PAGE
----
Officials hope child fatalities on farms leads to change in safety culture
The Bott family is seen in this undated family photo. Daughters Catie, Jana and Dara were killed in a farming incident on Tuesday, Oct. 13, 2015.
Chris Purdy, The Canadian Press
Published Tuesday, December 29, 2015 4:19AM EST
Photos of three smiling, blond sisters circulated around the world this year after they were killed on their family farm in west-central Alberta.
Catie Bott, 13, and 11-year-old twins Dara and Jana, suffocated in a truck loaded with canola as their family was busy bringing in the harvest in October.
Glen Blahey with the Canadian Agricultural Safety Association says the tragedy has acted as a catalyst for discussing child safety on farms.
"I think it is making a difference in terms of recognition of hazards," he told The Canadian Press.
But he's hoping for more.
Blahey said it's great to talk about safety, but "it would be really nice to spur some action before a tragic event occurs."
The Alberta government recently released statistics showing that there were eight other farm deaths in 2015, two of them children. One was 10-year-old Joseph Stahl, who was driving a forklift on a Hutterite colony when the machine toppled into a ditch and pinned him underneath.
There were other child deaths on farms across the country. In one case in southwestern Saskatchewan, Layne Langridge, 14, fell in a truck loaded with grain. His grandfather, 66-year-old Dennis Becker, tried to save him. They both died.
Statistics from Canadian Agricultural Injury Reporting show that between 2000 and 2008, there were about 10 child farm deaths each year in Canada. The average before that was 16.
Jennifer Austin with 4-H Canada said the most recent deaths, especially of the Bott sisters, have deeply touched her organization. It is starting a new fund in 2016 to develop additional safety programs.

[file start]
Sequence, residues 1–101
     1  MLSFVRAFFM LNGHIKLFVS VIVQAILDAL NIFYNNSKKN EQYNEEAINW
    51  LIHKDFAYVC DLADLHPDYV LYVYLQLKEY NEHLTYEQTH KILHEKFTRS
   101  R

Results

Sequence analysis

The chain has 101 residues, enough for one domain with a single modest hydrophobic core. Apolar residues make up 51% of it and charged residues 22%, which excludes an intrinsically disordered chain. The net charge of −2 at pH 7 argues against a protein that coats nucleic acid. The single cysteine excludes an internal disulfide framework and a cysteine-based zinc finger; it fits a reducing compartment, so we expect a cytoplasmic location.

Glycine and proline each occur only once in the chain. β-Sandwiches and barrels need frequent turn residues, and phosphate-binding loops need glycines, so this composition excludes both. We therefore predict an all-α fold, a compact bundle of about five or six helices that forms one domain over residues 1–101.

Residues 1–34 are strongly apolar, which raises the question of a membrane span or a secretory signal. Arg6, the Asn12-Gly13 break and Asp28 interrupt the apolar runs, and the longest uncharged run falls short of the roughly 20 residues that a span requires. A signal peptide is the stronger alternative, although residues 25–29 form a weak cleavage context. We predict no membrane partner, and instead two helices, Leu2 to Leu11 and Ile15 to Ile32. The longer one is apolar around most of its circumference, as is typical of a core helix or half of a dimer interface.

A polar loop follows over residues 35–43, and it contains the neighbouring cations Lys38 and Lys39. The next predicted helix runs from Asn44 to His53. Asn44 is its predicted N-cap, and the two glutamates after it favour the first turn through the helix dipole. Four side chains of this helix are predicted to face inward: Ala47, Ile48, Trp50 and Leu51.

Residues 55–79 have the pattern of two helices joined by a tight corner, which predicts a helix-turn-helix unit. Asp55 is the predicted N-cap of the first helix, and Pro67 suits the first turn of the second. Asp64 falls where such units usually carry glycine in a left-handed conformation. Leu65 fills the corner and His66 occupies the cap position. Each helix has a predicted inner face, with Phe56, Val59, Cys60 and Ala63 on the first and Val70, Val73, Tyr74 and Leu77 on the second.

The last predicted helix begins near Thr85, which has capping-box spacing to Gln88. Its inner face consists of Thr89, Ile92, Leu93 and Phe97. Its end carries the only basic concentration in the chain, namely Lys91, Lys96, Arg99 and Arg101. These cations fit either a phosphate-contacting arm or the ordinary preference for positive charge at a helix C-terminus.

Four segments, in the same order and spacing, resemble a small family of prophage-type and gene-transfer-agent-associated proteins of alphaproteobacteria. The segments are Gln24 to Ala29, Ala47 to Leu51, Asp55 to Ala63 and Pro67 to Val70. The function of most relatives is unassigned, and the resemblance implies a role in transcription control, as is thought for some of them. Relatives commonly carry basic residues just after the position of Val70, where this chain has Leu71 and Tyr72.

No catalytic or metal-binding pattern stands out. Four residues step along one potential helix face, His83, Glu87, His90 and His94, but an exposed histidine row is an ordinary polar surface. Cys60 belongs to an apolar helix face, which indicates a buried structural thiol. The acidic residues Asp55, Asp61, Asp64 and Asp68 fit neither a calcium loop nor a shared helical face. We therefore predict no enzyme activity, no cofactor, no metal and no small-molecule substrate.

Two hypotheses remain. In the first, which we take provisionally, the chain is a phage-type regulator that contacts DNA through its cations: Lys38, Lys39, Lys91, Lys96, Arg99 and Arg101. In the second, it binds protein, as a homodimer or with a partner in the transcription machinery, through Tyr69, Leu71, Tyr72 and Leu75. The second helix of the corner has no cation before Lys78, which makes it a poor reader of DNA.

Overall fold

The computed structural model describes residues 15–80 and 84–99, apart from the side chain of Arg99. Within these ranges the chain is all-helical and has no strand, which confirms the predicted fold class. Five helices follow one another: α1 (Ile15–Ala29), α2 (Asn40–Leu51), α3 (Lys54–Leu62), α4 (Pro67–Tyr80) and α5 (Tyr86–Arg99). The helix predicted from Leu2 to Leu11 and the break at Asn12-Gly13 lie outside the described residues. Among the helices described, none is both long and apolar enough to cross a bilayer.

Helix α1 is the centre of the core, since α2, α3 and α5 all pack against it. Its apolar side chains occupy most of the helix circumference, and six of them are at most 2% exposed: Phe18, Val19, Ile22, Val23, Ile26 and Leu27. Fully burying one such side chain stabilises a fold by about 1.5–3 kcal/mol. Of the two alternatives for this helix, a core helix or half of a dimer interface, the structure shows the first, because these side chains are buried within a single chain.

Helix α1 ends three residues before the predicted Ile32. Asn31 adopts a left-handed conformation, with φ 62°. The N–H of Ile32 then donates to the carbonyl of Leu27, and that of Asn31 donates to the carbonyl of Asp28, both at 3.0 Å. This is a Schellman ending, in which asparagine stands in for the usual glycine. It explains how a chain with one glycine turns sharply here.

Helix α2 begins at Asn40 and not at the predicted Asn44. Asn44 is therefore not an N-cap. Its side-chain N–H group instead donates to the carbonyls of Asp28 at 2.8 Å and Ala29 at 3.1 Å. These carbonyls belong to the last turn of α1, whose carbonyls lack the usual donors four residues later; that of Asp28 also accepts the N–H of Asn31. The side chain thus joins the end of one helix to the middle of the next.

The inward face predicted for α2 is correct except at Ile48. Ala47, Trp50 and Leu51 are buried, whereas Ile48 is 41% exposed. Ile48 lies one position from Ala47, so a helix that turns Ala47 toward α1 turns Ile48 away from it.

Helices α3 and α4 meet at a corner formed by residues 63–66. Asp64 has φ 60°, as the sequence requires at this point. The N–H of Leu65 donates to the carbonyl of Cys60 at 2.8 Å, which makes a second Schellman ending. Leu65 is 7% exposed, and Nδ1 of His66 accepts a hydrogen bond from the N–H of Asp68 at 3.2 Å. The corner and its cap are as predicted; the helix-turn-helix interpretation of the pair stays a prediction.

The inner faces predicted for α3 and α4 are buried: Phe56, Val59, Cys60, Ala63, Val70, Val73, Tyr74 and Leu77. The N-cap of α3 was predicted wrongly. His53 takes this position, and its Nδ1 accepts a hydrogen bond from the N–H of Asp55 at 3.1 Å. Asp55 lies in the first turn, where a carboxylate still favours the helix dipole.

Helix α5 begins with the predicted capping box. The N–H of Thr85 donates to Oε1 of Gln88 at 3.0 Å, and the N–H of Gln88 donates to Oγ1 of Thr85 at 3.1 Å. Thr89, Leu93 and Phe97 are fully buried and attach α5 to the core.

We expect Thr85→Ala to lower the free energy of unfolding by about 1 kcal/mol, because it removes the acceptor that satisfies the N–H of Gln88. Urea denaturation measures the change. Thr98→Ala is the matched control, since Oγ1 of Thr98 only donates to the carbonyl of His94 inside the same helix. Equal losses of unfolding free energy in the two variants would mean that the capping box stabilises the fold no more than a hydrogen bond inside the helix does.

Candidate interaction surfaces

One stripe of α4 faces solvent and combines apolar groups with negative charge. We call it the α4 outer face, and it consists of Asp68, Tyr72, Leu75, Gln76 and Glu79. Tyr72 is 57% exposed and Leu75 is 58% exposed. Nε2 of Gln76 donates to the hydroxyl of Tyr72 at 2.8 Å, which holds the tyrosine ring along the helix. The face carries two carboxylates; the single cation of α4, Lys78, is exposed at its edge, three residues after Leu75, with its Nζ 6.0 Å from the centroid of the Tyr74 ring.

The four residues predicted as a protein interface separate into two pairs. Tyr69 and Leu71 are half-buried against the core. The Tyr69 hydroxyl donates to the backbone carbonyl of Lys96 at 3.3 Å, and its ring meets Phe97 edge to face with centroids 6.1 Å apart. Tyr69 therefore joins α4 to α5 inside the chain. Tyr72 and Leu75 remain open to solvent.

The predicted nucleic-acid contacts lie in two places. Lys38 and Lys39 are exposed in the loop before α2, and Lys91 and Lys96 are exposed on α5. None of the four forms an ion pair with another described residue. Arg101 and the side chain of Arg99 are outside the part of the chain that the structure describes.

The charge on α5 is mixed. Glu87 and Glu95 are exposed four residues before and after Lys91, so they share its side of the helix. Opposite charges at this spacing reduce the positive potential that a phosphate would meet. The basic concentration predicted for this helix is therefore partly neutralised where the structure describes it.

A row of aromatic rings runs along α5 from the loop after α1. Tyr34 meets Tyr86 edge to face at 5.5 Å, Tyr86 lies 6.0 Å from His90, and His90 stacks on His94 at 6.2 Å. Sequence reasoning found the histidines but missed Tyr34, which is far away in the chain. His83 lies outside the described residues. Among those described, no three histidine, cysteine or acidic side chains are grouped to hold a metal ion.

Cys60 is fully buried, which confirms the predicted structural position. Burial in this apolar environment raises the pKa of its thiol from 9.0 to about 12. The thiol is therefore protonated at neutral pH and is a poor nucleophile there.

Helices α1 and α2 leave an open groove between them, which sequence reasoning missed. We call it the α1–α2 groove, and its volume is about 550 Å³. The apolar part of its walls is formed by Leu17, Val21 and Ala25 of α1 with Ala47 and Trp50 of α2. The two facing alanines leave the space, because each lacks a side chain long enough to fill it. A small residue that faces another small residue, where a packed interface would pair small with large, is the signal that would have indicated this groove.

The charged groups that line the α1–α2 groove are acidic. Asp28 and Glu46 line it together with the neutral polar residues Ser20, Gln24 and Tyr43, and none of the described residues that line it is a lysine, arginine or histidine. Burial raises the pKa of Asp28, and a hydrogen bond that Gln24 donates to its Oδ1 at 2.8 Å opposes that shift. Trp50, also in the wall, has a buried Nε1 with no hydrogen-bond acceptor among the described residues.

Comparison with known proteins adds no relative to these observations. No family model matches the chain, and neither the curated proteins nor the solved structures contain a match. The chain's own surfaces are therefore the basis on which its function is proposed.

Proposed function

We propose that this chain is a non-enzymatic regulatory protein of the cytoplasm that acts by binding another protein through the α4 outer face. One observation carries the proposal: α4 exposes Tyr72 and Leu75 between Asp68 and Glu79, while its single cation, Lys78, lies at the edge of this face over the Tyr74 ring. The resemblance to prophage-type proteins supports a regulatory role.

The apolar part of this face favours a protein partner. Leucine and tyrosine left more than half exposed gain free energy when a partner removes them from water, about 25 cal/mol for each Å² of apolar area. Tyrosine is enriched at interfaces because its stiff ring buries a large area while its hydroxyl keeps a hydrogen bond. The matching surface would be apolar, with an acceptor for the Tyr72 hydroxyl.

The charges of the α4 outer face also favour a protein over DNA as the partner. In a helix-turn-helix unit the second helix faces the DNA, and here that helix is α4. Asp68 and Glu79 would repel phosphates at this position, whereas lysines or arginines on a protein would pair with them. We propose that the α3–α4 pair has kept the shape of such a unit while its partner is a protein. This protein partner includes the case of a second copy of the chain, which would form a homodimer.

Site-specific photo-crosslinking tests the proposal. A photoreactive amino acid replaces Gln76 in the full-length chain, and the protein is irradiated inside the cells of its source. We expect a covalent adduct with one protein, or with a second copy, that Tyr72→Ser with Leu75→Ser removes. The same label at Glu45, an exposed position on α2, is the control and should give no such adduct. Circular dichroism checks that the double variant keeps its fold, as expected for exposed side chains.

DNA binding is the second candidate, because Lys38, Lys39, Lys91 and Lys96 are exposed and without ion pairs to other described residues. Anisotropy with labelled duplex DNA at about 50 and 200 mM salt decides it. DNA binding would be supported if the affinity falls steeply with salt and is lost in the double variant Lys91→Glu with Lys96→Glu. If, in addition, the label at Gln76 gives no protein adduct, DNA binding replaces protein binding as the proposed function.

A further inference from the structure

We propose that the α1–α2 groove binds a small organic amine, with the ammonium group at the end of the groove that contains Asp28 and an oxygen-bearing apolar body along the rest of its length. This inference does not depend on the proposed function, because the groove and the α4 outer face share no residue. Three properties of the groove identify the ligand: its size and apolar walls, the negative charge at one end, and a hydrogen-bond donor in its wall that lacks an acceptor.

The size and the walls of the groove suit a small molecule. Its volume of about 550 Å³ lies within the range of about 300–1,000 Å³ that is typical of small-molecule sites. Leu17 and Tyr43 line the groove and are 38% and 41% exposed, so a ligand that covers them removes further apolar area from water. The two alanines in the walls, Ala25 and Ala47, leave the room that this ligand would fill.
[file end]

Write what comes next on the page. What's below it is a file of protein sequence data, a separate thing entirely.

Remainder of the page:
"We know clubs are already focused on farm safety but this will put a further emphasis on farm safety - and at a time when it's very much on the minds of people in rural communities," she said.
A few weeks ago, the NDP government in Alberta passed new legislation that puts farm and ranch workers under occupational health and safety rules. It became the last province to do so.
The law also gives workers' compensation benefits to paid farm workers injured on the job.
Following angry protests, the province clarified that family farms are exempt. The rules will only apply to paid workers.
Eric Musekamp, founder of the Farmworkers Union of Alberta, had pushed for the legislation for years. Although the law doesn't directly apply to kids on family farms, he's glad it will help paid child workers in larger farm operations.
He said he saw children as young as eight working in unsafe conditions when he was a truck driver a dozen years ago.
"There's chains and belts and electrical motors, wires, and trucks backing around and stuff. It's hair raising."
He said he once passed out safety supplies to children at a farm - masks, goggles and ear plugs - and was promptly fired.
"That kind of got my dander up," recalled Musekamp. That's why he formed the advocacy group.
He believes the solution to curbing injuries and deaths on farms is to create a training society similar to AgSafe in British Columbia. That group, funded through workers' compensation premiums, facilitates compliance of farm legislation through training and on-site visits, even to family farms.
Other provinces such as Manitoba and Ontario have similar societies, but Musekamp said the one in B.C. is more extensive.
Over the last 20 years, the group has significantly reduced farm fatalities and injuries in the province, he said. "They hardly ever have child fatalities in their industry anymore."
He describes farm safety legislation as a stick, and the training society as a carrot.
"We believe that's part of the success in reducing deaths and injuries on the family farm without employees. This training becomes ubiquitous ... In a relatively short period of time, it starts to change the culture."